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Supporting Your Teen’s Development – Ages 13 to 17

Your child is growing up. It seems like yesterday they were learning to walk and talk. Now your teen is inching toward adulthood and the door to be out with their friends. “See ya, ‘rents.”

Adolescence is a period of immense change for how your child thinks, feels, interacts with others and how their body grows.

There are plenty of books out there guiding parents on what to expect and how to support your teen’s development, yet there are some days where it seems you’re totally in uncharted waters. Instead of diaper changes and naptime, now you’re trying to figure out whether your child is ready to date, drive and even get a job.

These days are here, but you don’t have to face them with apprehension.

We spoke with Jerimya Fox, a licensed professional counselor and a doctor of behavioral health at Banner Behavioral Health Hospital, who broke down exactly what your teen is going through developmentally and how you can best support that growth.

Developmental milestones: What to expect in adolescence

When you think of developmental milestones, you may be acutely aware of the developmental milestones of your child’s first five years. The same is true in adolescence—and are just as important, Dr. Fox said.

“Developmental milestones are just as important in adolescence because they can tell you if your child is doing fine or if something is wrong,” he said. “Identifying and catching issues early on paves the way for early interventions and therapies to combat those later years.”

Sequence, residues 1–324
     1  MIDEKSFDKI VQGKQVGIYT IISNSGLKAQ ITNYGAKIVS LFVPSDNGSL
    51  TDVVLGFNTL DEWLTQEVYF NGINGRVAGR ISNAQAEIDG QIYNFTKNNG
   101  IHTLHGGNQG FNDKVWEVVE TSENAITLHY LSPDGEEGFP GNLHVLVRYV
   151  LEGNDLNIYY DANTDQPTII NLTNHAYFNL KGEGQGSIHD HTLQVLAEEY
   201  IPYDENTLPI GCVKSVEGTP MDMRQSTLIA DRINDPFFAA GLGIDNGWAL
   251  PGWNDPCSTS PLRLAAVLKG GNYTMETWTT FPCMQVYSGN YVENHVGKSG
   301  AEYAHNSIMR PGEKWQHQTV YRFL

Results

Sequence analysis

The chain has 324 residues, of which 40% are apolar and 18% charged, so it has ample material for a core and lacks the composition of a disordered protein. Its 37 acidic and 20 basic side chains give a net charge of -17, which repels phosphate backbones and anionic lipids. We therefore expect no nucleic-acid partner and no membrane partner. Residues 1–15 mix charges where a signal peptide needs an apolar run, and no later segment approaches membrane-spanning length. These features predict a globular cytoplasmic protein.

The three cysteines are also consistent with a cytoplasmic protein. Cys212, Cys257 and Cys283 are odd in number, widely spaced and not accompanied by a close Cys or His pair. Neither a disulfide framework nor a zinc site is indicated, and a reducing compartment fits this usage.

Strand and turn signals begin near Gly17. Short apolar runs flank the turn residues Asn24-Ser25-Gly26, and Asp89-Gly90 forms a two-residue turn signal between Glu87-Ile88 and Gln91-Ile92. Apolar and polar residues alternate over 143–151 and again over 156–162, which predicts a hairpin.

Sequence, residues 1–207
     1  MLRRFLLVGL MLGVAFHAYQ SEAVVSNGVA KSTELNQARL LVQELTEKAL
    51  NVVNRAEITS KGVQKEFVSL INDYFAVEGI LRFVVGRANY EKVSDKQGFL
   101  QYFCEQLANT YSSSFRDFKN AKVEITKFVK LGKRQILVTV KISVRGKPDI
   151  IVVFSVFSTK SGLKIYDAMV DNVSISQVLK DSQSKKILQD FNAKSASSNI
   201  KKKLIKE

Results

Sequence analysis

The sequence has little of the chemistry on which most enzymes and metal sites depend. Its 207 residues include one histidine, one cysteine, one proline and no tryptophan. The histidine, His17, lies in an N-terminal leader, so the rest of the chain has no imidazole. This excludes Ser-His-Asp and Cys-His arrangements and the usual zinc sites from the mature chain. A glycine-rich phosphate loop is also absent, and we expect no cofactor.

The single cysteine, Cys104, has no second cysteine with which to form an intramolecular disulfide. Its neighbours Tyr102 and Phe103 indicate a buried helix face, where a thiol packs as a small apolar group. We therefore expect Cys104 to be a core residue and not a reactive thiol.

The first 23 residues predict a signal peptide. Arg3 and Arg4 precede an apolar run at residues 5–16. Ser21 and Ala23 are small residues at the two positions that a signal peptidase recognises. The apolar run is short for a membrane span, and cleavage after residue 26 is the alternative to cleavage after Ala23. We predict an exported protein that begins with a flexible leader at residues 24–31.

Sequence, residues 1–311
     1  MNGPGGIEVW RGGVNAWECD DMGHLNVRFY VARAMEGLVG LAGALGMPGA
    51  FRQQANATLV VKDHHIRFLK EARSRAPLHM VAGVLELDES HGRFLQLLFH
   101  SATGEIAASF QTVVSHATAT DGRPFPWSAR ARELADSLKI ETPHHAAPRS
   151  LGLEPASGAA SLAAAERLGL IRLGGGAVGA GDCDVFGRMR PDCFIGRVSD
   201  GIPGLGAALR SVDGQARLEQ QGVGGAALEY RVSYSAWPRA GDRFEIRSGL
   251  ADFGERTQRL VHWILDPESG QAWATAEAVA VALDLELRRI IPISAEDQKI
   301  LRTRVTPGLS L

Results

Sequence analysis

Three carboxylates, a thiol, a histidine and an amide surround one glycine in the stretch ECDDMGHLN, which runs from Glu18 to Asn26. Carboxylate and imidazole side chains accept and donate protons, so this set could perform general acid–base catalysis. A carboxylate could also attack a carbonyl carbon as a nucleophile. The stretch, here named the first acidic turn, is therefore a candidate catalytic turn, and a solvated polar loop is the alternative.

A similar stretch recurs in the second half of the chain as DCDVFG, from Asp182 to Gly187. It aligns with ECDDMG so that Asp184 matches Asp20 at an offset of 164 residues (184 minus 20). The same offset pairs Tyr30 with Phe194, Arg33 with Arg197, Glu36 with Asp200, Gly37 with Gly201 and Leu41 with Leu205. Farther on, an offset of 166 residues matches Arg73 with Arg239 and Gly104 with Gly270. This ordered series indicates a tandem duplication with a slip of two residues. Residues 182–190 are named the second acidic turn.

Here are some the changes your child is going through during adolescence:

Physical development

You might notice these changes in your teen:

  • They are going through puberty or nearing the end of their physical transition from childhood to adulthood. This includes a rapid gain in height and weight, along with other physical changes, such as voice changes, acne and body hair.
Cognitive development

You might notice these changes in your teen:

  • They start to make decisions based on their understanding of cause and effect (actions/consequences) and what is right or wrong.
  • They have more advanced reasoning skills and hypothetical, abstract thinking.
  • They are deeply influenced by their friends and peers.
  • They learn new skills and become more self-sufficient.
  • They show more concern about school and work plans.
Social development

You might notice these changes in your teen:

  • They search for their own identity and how they fit into the world. They might try on new things like clothes, music and even friend groups. Friend groups and peers might even influence your child’s choices and decisions.
  • They start to build a strong set of values and morals.
  • They seek more responsibility.
  • They explore their own limits and abilities and test boundaries.
  • They look for new experiences and engage in more risk-taking behavior.
  • Social media and mainstream media will influence how your child communicates with others.
Emotional development

You might notice these changes in your teen:

Changes in relationships

One of the biggest changes you might notice is that your child wants to spend more time with their friends and peers than with you and the family. It also might seem like you are butting heads more with one another, leaving you to wonder if every conversation is going to end in a fight. But don’t take it personally.

“These behaviors and changes are a normal part of the process,” Dr. Fox said. “Even if you feel like you’re arguing more, it isn’t likely to affect your relationship long-term. But you can help your child develop ways to manage conflict and get through this stage in your relationship.”

What parents can do to raise happy, healthy and responsible teens

These developmental changes are a part of your teen’s journey into adulthood, and you play a big role in getting there. Here are some ideas to help support your child’s development:

1. Stay close and connected.